Chris Rozek

About Me

Why do students with similar ability levels get different grades in a class? Although ability is one important factor that influences performance, my research examines the effects of motivational beliefs and attitudes on performance. For example, some students might want to do well in a class because they see connections and relevance for their desired future career. For that reason, they might pay more attention in class and spend more time studying for the tests. Other students might get anxious when they take tests and that nervousness might make it difficult for them to concentrate, which could undermine their performance on tests.  These attitudes (e.g., perceiving relevance in what they are learning or being anxious about tests) exert an additional influence on performance above and beyond individuals' skills and talents.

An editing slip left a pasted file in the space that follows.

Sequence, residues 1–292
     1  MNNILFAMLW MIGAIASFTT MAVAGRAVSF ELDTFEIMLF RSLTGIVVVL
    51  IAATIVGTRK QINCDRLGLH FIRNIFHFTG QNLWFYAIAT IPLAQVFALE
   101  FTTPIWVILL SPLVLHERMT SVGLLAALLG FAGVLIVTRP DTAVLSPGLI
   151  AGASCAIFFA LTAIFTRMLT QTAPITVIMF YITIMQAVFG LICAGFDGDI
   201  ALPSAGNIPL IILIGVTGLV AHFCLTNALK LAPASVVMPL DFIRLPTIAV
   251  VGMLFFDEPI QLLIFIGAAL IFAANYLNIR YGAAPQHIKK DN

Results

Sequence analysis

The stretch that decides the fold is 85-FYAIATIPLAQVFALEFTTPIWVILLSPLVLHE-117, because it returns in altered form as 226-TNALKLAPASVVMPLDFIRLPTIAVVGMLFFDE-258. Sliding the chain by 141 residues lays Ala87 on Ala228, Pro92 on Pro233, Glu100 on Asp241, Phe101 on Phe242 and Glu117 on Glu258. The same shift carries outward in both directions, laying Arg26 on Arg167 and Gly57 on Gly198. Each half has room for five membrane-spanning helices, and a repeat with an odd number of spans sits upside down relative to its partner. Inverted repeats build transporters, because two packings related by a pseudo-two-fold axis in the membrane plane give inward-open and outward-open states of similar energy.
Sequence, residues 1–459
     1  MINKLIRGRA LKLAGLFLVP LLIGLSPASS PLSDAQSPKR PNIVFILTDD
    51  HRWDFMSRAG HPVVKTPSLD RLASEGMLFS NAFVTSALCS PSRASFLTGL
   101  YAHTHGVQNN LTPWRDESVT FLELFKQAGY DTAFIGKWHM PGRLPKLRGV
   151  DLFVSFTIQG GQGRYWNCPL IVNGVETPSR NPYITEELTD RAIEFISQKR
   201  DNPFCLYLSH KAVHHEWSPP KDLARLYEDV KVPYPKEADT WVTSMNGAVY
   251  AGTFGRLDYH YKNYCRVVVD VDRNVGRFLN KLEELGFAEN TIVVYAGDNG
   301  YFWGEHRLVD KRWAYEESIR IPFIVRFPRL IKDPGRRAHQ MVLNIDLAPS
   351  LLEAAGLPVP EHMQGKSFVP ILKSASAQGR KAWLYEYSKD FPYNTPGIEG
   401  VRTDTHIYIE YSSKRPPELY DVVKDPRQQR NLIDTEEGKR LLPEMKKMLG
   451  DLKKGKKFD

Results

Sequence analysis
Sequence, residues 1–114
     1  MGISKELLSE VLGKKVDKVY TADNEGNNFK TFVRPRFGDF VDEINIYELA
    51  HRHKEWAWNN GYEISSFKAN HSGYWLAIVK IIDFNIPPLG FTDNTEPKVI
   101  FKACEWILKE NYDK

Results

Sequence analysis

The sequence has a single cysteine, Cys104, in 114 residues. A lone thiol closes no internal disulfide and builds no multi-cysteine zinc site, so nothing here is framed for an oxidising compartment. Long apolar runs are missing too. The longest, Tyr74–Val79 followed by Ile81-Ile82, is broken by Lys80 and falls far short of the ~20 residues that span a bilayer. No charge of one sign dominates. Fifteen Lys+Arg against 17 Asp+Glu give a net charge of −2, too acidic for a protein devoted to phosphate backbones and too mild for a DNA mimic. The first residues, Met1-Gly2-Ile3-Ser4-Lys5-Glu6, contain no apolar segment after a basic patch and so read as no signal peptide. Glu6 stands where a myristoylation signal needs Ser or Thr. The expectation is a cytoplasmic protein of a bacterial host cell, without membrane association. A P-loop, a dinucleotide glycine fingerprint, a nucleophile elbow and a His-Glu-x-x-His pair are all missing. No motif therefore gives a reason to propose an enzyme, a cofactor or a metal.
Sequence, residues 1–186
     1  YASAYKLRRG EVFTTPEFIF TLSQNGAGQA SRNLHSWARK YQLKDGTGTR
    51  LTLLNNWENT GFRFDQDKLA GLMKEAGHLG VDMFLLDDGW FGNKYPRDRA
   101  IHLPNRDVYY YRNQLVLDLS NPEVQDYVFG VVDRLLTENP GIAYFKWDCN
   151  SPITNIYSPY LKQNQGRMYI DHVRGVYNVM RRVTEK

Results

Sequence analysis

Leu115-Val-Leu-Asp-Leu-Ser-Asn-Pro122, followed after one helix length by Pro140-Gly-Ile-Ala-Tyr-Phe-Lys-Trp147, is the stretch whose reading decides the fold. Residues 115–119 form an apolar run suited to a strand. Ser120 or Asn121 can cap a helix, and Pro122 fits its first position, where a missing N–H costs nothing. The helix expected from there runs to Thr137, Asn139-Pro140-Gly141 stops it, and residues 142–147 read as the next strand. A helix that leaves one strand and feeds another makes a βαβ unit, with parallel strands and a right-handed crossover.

I use laboratory and large-scale field experimental studies, as well as longitudinal designs, to better understand the role of these attitudes in human motivation and performance.  A better understanding of how attitudes affect performance can be leveraged to improve performance by creating interventions designed to change those attitudes.  My laboratory studies allow me to focus in on how motivation works in a controlled environment.  In schools, my observational studies provide a better understanding of motivation and performance by testing how students' attitudes are associated with better or worse performance over time.  I also conduct intervention studies in schools that are designed to improve performance by bolstering students' positive attitudes (e.g., viewing what they are learning as relevant, boosting confidence) or reducing negative attitudes (e.g., performance pressure or anxiety).  I work with a range of age groups from preschool students through college students in order to create interventions to support students based on their specific developmental needs.  I am especially interested in interventions that can help to reduce early forming and persistent achievement gaps (e.g., racial, social class, or gender gaps).  Beyond intervening directly with individuals and students, I also study how parents are an untapped resource to support their children's motivation and learning.  Additionally, I am interested in understanding the hormonal and neurobiological mechanisms associated with higher and lower levels of motivation and performance.  

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